MINNEAPOLIS (AP) - Gov, Mark Dayton vetoed two major budget bills ahead of a Saturday night deadline for final action on measures that passed before the end of the legislative session, but he proposed a temporary tax cut in return for a scaled back version of his proposal for universal preschool for all 4-year-olds.
While Dayton signed a state government finance bill, he vetoed an agriculture-and-environment budget bill that contained his top environmental initiative, a requirement that farmers plant buffer strips to keep agricultural chemicals out of drainage ditches, streams and other waters. It also included money to combat the bird flu crisis.
The bill came under criticism from environmentalists for several other provisions that Dayton cited as “destructive” during a news conference in St. Paul, including the elimination of the citizens board that has overseen the Minnesota Pollution Control Agency for 38 years.
The Democratic governor also vetoed a jobs-and-energy budget bill. He said it provided insufficient funding for the Department of Commerce, the Bureau of Mediation Services, the Workers Compensation Court of Appeals, rural broadband and programs for the disabled. He also said it created disincentives to the use of wind and solar power. He pointed out that about a fifth of the rural broadband money in the bill would have gone to one community, the central Minnesota city of Annandale. But the bill also contained unemployment benefits for laid-off Iron Range steelworkers.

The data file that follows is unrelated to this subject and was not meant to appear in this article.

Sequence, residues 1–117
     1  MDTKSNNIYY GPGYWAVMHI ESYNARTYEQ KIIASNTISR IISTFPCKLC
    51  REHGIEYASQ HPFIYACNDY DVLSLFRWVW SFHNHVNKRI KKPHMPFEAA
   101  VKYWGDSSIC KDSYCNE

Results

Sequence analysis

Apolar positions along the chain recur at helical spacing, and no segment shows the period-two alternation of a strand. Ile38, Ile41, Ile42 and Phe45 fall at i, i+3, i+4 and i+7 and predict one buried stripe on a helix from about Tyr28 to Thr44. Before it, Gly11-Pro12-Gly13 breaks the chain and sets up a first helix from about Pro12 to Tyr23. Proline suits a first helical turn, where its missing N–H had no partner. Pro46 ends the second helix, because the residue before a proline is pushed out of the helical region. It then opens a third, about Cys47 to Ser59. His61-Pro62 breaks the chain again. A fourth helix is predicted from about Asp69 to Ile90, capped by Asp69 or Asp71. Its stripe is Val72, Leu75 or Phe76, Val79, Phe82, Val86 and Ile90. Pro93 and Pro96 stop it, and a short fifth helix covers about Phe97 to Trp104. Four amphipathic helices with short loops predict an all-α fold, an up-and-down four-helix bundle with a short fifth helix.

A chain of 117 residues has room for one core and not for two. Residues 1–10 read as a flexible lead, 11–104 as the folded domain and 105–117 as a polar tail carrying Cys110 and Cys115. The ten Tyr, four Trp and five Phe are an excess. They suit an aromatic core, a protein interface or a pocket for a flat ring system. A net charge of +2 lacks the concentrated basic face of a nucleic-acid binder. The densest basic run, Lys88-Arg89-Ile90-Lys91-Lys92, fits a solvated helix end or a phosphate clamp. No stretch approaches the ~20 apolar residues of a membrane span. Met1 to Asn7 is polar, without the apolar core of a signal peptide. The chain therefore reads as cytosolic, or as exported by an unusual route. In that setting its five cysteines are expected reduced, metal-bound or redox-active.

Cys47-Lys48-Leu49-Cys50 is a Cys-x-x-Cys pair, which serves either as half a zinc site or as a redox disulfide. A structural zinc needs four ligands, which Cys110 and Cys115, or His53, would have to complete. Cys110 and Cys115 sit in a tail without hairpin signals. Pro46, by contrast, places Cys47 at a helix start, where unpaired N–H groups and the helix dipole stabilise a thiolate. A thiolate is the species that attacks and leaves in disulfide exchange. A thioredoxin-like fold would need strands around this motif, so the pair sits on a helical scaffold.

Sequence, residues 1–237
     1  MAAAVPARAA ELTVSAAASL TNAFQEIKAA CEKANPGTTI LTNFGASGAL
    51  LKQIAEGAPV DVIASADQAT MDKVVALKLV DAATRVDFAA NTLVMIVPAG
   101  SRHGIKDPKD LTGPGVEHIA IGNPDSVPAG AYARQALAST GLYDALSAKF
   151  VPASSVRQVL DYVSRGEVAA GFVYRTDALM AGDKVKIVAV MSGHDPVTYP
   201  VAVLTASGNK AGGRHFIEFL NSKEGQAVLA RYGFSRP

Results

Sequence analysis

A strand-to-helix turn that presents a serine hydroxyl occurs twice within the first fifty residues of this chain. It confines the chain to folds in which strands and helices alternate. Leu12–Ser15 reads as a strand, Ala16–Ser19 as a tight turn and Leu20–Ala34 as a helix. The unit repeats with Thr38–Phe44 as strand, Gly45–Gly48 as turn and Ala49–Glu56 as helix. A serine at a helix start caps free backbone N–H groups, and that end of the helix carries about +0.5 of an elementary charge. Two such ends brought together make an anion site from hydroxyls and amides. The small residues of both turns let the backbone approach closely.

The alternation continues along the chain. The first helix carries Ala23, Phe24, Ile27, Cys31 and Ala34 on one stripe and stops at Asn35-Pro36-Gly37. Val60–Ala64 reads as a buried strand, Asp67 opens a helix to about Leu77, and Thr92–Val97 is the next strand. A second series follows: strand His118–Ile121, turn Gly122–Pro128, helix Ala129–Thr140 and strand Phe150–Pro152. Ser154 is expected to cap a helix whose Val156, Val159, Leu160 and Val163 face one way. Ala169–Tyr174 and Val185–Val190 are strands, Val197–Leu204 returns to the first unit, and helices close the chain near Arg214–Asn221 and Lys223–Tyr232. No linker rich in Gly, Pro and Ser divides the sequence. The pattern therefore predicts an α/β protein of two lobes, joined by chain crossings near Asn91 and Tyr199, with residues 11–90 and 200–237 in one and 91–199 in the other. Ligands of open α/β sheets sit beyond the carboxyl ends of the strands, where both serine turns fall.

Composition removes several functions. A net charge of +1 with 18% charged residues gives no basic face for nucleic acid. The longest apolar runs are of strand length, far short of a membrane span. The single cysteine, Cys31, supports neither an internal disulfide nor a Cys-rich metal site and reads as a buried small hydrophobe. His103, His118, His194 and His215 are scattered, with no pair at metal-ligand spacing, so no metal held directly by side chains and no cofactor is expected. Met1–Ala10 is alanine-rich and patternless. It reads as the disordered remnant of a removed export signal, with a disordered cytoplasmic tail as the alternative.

Dayton vetoed the main public school funding bill Thursday because lawmakers left out his universal preschool proposal.
However, he offered a $260 million, one-year temporary income tax cut if lawmakers will approve $250 million in additional money for public schools, including $100 million for preschool that would go only to districts that choose to apply for it. He said he would provide more details Tuesday when he meets with House Speaker Kurt Daudt. He said Daudt and other legislative leaders he reached Saturday were interested but noncommittal.
“I wouldn’t agree to the tax cut without education at a comparable level. … This is an effort to give them something that I believe they want in return for something that I want,” he said.
The two vetoed bills were assembled by leaders of the GOP majority in the Minnesota House and the Democratic-Farmer-Labor majority in the Senate during the closing hours of the session without much input from Dayton. The governor said he’ll insist that the buffer strip and bird flu proposals pass during the special session, and that the jobs bill provide more funding for the programs he highlighted.
Republican criticism of the vetoes was swift.
“It seems the governor’s version of compromise is his way or the highway. Moving forward from this veto, which blindsided us, will be difficult,” said Rep. Denny McNamara, R-Hastings, who chairs the House environment committee.
“Playing politics with the lives of farmers who have been devastated by the avian flu is simply wrong,” said Assistant House Majority Leader Dave Baker, R-Willmar, whose district’s turkey growers have been hard hit by the disease. “Minnesotans chose shared government last November and expect legislators as well as the governor to compromise and work together on the issues facing our state.”
Dayton also signed new rules Saturday governing how police use automated license-plate readers. Location data from motorists’ movements can be kept only 60 days unless the information is relevant to a criminal case.
A date and venue for the special session have not been set. It can’t be held at the state Capitol because major renovations will keep lawmakers out. All pieces of the next budget must be in place by July 1 to avoid a partial government shutdown.
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